Living along the beautiful, rugged West Coast of British Columbia has a lot of perks, but it also comes with the responsibility of living within the Pacific Ring of Fire which is home to about 90% of the world’s earthquakes.
Of course, that also means that along the coast of British Columbia we’re prone to tsunamis, which are series of waves most often generated by major earthquakes beneath the ocean floor.
We say responsibility because here at Quake Kit we believe it is our collective and personal responsibility to build knowledge around emergency preparedness and prepare ourselves by knowing the major risks in our area, storing up supplies and creating safety and survival plans.
Tsunamis are one of the major risks associated with earthquakes. If you’re prepared for an earthquake but not a tsunami while living a coastal life, you’re only halfway there.
Do you know the 5 different types of tsunami alerts?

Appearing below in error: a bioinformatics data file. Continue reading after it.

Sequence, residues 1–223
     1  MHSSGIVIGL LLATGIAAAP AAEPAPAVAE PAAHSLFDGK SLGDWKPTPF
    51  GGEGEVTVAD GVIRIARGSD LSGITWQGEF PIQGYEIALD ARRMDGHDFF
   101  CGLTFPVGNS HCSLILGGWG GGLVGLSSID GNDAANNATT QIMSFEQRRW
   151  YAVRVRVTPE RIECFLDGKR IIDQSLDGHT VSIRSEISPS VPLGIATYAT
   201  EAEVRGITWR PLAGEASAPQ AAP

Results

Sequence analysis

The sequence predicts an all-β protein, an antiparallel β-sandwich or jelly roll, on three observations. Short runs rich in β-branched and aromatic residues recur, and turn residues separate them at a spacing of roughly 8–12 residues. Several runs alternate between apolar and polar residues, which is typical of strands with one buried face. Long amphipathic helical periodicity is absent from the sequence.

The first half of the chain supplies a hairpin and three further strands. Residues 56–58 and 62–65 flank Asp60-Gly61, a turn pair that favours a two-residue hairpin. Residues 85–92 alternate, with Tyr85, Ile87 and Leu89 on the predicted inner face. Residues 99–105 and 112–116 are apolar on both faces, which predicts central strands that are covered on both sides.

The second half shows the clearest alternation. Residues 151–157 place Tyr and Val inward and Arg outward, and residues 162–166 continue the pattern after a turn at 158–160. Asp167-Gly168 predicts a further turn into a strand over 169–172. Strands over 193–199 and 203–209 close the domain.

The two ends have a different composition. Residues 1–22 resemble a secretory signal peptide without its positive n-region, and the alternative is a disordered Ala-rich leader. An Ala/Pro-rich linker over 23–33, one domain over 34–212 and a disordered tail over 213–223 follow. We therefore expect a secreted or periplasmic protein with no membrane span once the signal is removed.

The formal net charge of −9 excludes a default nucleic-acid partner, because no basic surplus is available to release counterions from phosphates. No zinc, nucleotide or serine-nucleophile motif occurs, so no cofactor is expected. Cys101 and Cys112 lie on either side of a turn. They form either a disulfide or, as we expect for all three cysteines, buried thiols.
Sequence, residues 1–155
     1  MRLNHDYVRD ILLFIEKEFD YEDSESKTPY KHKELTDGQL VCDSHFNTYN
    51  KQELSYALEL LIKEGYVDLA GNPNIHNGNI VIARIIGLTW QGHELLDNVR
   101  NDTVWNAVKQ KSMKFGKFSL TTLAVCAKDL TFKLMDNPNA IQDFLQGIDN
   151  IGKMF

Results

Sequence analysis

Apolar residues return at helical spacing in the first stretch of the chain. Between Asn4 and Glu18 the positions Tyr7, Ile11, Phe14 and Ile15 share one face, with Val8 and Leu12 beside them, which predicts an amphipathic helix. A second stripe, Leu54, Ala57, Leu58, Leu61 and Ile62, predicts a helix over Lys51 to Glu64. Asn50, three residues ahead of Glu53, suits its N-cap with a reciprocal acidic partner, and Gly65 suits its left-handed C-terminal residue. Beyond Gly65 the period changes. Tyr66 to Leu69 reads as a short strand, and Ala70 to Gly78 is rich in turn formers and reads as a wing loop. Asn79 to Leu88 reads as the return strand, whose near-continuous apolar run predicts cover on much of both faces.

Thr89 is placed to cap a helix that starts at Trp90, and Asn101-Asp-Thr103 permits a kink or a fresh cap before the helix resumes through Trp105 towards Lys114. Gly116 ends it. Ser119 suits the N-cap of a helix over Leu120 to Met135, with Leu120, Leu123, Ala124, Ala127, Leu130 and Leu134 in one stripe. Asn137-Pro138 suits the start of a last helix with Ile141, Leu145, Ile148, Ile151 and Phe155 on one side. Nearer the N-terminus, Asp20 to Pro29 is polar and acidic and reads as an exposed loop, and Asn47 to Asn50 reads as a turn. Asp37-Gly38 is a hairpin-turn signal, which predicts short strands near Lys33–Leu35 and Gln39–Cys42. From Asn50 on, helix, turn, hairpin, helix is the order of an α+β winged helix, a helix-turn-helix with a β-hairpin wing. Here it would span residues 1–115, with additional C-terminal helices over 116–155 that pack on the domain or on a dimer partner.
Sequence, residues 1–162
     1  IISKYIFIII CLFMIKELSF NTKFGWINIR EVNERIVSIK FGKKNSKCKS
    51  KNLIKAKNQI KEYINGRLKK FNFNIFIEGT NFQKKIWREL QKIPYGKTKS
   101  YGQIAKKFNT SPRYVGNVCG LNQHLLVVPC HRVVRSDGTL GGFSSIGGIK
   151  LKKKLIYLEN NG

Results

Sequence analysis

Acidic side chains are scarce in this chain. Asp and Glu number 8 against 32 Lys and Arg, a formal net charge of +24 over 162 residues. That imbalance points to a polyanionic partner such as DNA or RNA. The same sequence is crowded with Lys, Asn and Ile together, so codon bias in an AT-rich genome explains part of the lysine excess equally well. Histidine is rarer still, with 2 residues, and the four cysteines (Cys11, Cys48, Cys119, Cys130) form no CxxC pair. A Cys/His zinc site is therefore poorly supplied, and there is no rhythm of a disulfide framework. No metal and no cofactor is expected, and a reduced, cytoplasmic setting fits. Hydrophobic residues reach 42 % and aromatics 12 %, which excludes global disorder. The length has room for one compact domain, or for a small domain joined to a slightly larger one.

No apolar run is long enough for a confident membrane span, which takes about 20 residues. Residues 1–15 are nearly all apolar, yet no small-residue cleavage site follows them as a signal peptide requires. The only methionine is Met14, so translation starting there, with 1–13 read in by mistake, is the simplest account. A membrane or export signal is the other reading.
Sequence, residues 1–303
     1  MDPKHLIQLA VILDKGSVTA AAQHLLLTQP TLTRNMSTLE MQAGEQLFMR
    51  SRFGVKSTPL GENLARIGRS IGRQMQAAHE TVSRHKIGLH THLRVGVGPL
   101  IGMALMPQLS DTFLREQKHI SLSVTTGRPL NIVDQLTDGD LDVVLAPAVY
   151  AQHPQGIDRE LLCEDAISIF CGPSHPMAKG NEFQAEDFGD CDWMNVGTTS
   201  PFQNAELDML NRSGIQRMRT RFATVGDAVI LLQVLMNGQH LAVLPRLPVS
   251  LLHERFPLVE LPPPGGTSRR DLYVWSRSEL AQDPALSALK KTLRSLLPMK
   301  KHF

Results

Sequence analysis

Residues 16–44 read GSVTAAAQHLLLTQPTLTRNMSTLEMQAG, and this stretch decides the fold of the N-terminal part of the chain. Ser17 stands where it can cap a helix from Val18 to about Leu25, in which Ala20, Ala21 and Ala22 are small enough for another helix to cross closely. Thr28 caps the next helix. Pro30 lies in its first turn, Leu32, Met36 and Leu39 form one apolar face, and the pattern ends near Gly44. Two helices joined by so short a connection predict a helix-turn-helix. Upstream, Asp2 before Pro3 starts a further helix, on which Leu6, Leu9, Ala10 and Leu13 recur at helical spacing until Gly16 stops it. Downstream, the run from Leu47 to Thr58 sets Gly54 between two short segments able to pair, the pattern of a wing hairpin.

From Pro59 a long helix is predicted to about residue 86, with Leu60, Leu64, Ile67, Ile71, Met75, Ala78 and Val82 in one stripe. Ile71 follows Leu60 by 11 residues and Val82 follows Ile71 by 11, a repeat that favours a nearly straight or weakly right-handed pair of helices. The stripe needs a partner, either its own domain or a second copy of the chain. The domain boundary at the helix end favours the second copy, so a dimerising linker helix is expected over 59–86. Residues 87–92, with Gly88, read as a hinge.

- WARNING: flood wave possible – full evacuation suggested
- ADVISORY: strong currents likely – stay away from the shore
- WATCH: danger level not yet known – stay alert for more information
- INFORMATION STATEMENT: minor waves at most – no action suggested
- CANCELLATION: tidal gauges show no wave activity – confirm safety of local areas
It’s also a good idea to know your zone, so you can quickly find out whether tsunami alerts apply to you, and take action if needed.
- Zone A: The North Coast and Haida Gwaii
- Zone B: The Central Coast and Northeast Vancouver Island Coast including Kitimat, Bella Coola and Port Hardy
- Zone C: The outer West Coast of Vancouver Island from Cape Scott to Port Renfrew
- Zone D: The Juan de Fuca Strait from Jordan River to Greater Victoria including the Saanich Peninsula
- Zone E: The Strait of Georgia including the Gulf Islands, Greater Vancouver and Johnstone Strait
Here on Vancouver Island where we’re a bit more remote, it’s recommended that you prepare for up to 2 weeks of self-sufficiency after an earthquake or tsunami. The more you know, the more likely you’ll want to get an earthquake kit or revisit the one in your closet and check that its contents are up to par. If you’ve got a substantial kit at home, it might be time to consider keeping supplies in your car, too!
Article written by Sophie Wooding